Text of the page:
Today, AirNow reported moderate PM2.5 concentrations in the Great Lakes region, the Carolinas, Louisiana and Texas (top left). In the west coast, moderate to unhealthy PM2.5 levels were reached in California and Washington. According to HMS, an area of blowing dust is visible in Southern California extending west from Agua Caliente County Park across the Salton Sea to Blythe, California. Moreover, dust is visible in western Kansas/eastern Colorado moving north into Nebraska. This is consistent with 15-20kt southerly winds seen in surface observations. The originating areas in Colorado and Kansas are farmland. MODIS retrievals of AOD shows high aerosol concentration in the Central Plains and Pacific Southwest regions (top right). Some fires were detected in Texas, Oklahoma, Arkansas and Louisiana, no significant smoke was identified out of these fires (top left)
SPECIAL FEATURE: Global Patterns of Carbon Dioxide
Almost any discussion of global warming begins or ends with carbon dioxide. Because of its molecular structure,carbon dioxide is a greenhouse gas, which means it allows visible light from the Sun to pass through the atmosphere while absorbing and re emitting infrared energy, heating the Earth. Greenhouse gases act as insulation and are responsible for making Earth's climate comfortable--without them, our planet would have an average temperature of -18 Celsius (0 Fahrenheit). Since the beginning of the Industrial Revolution, people have been releasing carbon dioxide into the atmosphere by burning fossil fuels and clearing forests. By adding extra greenhouse gases to the atmosphere, people are raising the planet's temperature with wide-ranging impacts.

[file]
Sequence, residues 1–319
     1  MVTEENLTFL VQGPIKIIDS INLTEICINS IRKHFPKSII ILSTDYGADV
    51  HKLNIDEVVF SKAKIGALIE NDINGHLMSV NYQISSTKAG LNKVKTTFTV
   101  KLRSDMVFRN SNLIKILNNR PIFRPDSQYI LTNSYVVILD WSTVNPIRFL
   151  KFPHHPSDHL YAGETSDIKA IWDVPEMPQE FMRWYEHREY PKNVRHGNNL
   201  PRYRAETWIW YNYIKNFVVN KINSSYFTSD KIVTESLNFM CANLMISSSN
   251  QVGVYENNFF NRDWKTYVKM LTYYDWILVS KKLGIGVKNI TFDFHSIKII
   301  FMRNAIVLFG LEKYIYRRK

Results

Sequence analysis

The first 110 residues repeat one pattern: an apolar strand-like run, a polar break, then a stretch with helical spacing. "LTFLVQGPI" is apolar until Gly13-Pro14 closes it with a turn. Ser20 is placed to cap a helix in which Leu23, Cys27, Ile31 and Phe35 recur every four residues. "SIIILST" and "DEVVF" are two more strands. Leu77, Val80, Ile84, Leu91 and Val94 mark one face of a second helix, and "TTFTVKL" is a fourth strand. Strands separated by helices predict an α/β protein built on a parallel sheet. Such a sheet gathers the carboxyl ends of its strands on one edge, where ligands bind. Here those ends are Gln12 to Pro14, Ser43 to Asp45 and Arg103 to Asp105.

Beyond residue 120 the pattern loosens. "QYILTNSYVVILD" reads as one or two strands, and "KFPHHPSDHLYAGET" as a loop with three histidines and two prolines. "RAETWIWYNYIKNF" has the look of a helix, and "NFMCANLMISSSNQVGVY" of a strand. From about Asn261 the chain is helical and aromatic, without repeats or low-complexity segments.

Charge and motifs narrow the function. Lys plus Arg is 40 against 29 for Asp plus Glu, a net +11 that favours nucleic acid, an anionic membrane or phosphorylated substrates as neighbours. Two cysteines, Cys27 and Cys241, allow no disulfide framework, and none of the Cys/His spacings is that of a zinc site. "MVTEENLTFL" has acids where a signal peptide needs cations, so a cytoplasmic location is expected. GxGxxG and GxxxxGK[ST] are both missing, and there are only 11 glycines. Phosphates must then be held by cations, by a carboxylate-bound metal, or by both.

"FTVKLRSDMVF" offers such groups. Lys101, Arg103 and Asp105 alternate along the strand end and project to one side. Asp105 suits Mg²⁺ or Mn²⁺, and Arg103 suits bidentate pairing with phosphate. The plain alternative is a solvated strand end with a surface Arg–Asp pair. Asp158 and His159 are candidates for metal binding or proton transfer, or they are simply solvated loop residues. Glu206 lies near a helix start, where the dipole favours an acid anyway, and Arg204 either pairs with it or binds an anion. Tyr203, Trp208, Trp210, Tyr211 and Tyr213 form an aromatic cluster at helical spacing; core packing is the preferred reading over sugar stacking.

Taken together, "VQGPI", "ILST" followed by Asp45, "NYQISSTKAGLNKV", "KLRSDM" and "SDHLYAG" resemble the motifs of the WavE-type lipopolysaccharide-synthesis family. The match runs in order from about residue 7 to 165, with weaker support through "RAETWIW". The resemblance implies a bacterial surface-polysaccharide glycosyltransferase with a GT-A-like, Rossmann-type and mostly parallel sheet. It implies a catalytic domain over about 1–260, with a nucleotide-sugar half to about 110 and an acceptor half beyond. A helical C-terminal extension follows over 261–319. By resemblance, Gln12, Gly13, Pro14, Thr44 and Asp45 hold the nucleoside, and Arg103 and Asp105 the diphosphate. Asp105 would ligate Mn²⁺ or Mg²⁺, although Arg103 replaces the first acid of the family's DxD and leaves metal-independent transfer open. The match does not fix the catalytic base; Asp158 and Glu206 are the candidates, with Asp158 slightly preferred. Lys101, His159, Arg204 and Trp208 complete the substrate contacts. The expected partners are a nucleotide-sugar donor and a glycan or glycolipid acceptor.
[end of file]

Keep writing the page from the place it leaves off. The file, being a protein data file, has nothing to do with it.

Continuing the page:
Carbon dioxide is neither the most potent, nor the most abundant greenhouse gas, but it is the one most responsible for altering global temperatures. This close connection between climate and carbon is a compelling reason to keep track of carbon dioxide concentrations in the atmosphere. The first space-based instrument to independently measure atmospheric carbon dioxide day and night, and under both clear and cloudy conditions over the entire globe, is the Atmospheric Infrared Sounder (AIRS) on NASA's Aqua satellite.
The map below shows carbon dioxide in the mid-troposphere, the part of the atmosphere where most weather occurs. The data was collected in May 2013, when carbon dioxide levels reached their highest point in at least 800,000 years. The highest concentrations, shown in yellow, are in the Northern Hemisphere. Concentrations are lower in the Southern Hemisphere. In May, the Northern Hemisphere growing season was just beginning, so plants were removing little carbon from the atmosphere (full article: Earth Observatory)